Eminent Domain refers to “the power possessed by the state over all property within the state, specifically its power to appropriate property for a public use.”

The valuation principal behind this is the idea that the highest and best use for the property will benefit the public which supercedes the private property rights of the property owner. This has been unnerving to many because property ownership is perceived as a basic tenent of citizenship in this country.

Last week, the Supreme court announced that it would not re-visit [Note: Paid Subsc.] the controversial ruling made in the eminent domain case, KELO et al. v. CITY OF NEW LONDON et al.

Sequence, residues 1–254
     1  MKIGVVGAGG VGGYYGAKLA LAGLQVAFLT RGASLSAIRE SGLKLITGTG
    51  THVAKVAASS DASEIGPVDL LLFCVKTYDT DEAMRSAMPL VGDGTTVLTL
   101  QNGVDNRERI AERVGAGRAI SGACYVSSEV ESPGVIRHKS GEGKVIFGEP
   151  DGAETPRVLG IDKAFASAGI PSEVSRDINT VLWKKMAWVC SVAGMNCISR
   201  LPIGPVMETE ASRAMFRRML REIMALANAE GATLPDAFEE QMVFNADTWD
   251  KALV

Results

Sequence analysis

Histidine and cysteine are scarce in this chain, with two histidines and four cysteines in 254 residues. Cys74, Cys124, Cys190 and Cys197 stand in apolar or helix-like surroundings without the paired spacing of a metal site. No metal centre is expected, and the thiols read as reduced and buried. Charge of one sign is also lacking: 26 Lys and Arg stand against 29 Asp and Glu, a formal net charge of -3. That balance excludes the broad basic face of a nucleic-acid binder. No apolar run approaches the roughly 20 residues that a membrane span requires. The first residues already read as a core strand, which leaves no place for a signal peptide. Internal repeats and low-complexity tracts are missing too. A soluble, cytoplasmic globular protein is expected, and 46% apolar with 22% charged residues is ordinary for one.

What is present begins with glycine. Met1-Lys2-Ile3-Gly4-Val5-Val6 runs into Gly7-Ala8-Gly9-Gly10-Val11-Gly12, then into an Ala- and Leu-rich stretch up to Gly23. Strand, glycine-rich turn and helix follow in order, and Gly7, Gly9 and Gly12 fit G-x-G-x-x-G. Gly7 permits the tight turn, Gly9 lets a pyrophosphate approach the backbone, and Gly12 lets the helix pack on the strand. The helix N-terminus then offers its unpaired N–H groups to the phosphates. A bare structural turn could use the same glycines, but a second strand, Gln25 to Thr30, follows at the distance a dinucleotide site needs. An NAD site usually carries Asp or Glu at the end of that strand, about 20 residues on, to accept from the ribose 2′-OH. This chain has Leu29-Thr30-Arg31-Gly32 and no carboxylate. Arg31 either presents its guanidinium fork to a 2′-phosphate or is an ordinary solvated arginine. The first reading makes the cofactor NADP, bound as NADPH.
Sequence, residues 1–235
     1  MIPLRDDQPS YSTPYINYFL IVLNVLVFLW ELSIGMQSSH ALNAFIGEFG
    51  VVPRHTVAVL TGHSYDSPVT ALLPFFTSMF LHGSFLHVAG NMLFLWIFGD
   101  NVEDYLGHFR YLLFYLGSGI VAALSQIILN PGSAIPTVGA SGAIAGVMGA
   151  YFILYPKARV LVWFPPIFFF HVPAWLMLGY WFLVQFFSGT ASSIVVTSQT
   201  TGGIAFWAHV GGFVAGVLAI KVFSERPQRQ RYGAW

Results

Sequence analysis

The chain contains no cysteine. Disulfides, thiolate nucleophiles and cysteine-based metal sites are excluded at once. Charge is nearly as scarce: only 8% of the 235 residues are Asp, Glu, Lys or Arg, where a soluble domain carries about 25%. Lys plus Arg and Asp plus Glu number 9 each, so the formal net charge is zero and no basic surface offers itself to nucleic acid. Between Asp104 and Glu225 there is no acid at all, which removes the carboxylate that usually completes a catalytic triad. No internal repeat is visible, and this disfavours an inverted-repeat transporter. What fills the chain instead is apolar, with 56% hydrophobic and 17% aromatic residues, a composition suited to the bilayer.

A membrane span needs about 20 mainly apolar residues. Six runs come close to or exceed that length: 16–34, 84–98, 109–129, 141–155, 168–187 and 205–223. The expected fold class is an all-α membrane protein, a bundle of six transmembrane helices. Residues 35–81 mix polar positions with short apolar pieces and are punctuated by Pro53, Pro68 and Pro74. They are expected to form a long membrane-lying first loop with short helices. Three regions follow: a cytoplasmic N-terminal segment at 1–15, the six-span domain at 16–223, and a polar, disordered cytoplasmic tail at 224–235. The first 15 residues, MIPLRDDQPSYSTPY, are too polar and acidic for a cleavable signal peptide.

In the original decision, the Supreme Court found that local governments have the right to take private property if it faciliates economic growth. The New London case was controversial because the area to be taken was comprised of residential homes that were not blighted or crime-ridden. Another sore point was the fact that developers are making a profit against the loss of private property.

Before the New London case, the Poletown case in Michigan 20 years ago was seen as a leading symbol of eminent domain abuse.

There is the potential for abuse by government authorities in these takings and the fear of a land grab by developers who have strong political connections with local governments. This ruling has begun to prompt states to examine when a government should take private land, what methodologies should be used for fair compensation as well as others

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